“People ask me why I switched from rock to country but in reality it’s not that much of a stretch. When I grew up a good song was a good song, no matter what genre it was. You might have been listening to Destiny’s Child but you were also listening to Garth Brooks or even Rage Against The Machine or AC/DC. I mean, I loved AC/DC’s Back In Black. We played that one for many, many nights on the bus when we were partying it up, and I swear to God we went through 30 copies of that record. I think you’re seeing country fans with that kind of varied musical upbringing so country music is expanding in terms of its sound.”

Most of the songs on Lifted involve heats seeking relationships including one with a temptress who smokes menthol cigarettes in ‘Wrong About That’ and another who doesn’t mind going for a roll in the ‘Cheap Seats’ of a concert venue. With exception of a couple of power ballads, the songs are all unapologetically upbeat and fun, and are sure to translate into a high energy live show. You certainly won’t find the singer indulging his audience with any navel gazing or deep philosophical moments.

[quote]People ask me why I switched from rock to country but in reality it’s not that much of a stretch[/quote]

“No, I’m just not there in terms of my life anymore,” Dallas admits. “I’m happily married with two kids and this is where I want to be and what I want to sing about. The one great thing about country is the imagery and story-telling that comes along with it. When I was with Default I spent many years singing songs that did not do that; they were a little one-dimensional. Going back to anything else right now would not represent me or what I want to do.”

Besides the storytelling aspect of the songs, the record maintains a country vibe in its instrumentation, as banjos and pedal steels pop up in various places. There are also some splendid soaring harmonies and it’s somewhat surprising to find out that they were not the work of Nashville studio session vets.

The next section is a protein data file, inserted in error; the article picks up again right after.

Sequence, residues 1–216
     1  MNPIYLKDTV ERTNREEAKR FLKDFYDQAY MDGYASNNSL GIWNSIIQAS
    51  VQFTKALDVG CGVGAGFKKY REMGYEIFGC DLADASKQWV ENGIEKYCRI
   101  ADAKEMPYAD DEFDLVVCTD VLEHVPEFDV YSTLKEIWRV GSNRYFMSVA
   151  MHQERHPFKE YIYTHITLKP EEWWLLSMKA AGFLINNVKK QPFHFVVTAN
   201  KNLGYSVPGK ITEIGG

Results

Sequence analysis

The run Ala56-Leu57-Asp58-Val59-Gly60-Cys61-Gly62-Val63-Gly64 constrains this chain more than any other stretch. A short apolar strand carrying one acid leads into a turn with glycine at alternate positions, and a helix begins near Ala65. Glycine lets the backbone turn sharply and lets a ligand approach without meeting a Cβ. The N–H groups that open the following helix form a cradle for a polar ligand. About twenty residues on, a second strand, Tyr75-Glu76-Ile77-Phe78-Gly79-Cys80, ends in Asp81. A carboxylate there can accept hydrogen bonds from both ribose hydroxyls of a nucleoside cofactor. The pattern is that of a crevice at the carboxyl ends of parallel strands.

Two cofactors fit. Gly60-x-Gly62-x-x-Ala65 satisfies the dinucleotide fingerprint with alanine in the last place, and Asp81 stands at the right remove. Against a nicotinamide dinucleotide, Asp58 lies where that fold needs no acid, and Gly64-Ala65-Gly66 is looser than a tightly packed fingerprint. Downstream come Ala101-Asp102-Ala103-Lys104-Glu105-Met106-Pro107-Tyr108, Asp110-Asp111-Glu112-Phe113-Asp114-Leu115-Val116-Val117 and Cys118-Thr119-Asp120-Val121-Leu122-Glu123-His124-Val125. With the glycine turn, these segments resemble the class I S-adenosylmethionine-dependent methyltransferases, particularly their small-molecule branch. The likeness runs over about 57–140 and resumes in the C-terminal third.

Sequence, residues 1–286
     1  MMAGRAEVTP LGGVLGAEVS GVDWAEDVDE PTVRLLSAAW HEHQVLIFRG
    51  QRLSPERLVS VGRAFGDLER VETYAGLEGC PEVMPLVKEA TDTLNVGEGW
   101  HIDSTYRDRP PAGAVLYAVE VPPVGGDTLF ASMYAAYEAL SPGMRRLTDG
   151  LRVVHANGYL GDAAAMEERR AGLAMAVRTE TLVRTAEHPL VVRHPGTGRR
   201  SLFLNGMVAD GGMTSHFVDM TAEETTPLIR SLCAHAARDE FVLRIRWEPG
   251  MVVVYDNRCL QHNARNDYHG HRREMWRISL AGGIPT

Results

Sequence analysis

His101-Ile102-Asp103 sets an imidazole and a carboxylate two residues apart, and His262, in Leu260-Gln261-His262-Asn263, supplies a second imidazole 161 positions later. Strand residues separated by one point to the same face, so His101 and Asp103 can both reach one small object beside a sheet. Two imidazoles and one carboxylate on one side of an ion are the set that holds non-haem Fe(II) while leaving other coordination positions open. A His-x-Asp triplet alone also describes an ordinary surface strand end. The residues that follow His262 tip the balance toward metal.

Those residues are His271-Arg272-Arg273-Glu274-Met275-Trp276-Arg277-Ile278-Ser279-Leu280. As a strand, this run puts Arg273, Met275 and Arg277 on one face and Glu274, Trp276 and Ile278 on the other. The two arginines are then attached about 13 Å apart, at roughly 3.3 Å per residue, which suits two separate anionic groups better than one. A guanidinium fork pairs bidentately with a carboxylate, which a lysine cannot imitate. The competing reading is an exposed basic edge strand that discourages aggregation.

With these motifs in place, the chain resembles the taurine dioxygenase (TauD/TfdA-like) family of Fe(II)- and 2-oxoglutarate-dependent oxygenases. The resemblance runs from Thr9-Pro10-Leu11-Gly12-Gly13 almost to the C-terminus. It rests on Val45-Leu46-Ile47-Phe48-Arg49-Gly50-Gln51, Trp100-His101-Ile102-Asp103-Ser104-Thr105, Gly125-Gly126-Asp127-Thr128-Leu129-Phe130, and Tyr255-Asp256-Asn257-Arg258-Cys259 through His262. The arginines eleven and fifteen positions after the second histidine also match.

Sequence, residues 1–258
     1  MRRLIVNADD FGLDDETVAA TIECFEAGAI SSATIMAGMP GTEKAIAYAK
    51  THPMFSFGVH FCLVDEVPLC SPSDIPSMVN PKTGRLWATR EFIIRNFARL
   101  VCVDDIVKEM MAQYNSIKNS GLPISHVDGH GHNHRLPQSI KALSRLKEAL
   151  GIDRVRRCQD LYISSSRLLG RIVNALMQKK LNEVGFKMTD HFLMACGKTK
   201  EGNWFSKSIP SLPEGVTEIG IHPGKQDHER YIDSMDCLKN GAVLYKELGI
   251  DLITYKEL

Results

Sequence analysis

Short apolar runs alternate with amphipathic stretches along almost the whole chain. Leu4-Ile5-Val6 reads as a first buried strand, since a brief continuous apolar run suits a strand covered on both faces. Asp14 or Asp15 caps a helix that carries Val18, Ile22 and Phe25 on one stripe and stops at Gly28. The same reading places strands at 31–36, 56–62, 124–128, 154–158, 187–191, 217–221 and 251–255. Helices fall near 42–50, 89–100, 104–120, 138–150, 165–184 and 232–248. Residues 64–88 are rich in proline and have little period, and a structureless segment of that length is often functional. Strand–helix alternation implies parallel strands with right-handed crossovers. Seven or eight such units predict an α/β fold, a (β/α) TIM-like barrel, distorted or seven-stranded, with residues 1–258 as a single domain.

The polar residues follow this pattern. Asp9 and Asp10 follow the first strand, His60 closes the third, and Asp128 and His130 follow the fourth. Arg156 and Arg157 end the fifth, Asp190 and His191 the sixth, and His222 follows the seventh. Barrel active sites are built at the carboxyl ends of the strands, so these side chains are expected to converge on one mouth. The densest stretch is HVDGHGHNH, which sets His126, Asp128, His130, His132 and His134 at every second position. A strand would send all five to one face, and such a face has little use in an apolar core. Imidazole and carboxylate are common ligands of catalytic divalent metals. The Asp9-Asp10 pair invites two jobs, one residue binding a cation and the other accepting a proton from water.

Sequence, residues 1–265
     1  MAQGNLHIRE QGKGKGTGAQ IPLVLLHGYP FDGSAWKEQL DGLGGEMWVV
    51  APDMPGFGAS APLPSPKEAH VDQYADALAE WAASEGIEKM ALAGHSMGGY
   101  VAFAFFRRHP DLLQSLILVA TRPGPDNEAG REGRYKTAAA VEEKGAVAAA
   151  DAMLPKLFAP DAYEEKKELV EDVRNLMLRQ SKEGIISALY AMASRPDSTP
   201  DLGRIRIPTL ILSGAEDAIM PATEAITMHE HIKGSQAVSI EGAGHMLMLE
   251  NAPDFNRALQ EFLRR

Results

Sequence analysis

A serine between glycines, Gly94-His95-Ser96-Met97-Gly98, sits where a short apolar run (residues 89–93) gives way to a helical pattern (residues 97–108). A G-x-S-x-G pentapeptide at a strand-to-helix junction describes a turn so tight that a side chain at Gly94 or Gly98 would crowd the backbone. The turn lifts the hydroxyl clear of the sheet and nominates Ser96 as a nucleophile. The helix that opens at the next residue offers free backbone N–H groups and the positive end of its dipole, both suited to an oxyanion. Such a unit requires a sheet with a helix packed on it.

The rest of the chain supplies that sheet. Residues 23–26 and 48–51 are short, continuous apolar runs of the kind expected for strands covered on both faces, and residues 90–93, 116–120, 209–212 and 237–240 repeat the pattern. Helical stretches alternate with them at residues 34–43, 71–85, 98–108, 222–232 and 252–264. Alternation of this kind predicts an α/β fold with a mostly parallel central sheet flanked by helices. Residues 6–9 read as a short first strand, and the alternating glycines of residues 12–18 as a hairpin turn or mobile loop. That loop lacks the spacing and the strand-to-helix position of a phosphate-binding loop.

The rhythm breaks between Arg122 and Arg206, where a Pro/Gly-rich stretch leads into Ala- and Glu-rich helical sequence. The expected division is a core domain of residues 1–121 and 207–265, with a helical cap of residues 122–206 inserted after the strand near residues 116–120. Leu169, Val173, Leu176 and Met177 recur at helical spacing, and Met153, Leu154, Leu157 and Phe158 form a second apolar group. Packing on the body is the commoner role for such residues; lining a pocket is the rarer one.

“I do all my own harmonies,” Dallas says. “I just kind of find what fits the feel of the song. The producer and I just sit in the vocal booth and run through a couple of passes and you just know when it’s right and it’s something you have to lay down. As far as the overall feel of the album, I think that this record sounds modern in parts but it also sounds more traditional than my last one. I think that we found a happy medium and I’m happy with the way it turned out sonically.”

Dallas is excited about taking his show on the road on his Canadian Tippin’ Point Tour that begins in January. (“Well, I’m excited to do the shows but it’s going to be one Hell of a winter commute”) The tour ends with a gig at The Commodore ballroom in Vancouver which has a close connection for the singer.

“Yeah, the Commodore Ballroom is the venue where I went to see shows as a kid so it brings back a lot of memories. Doing the pre-show at this year’s Grey Cup game at BC Stadium was also on my bucket list because it’s my home stadium and I go to CFL games there to watch the Lions play. I’ve also played the Pacific Coliseum where I used to watch Vancouver Canucks games before they moved to Rogers Arena. I think I’ve performed in every venue in Vancouver that I’ve ever wanted to play so now it’s time to leave my mark across the country.”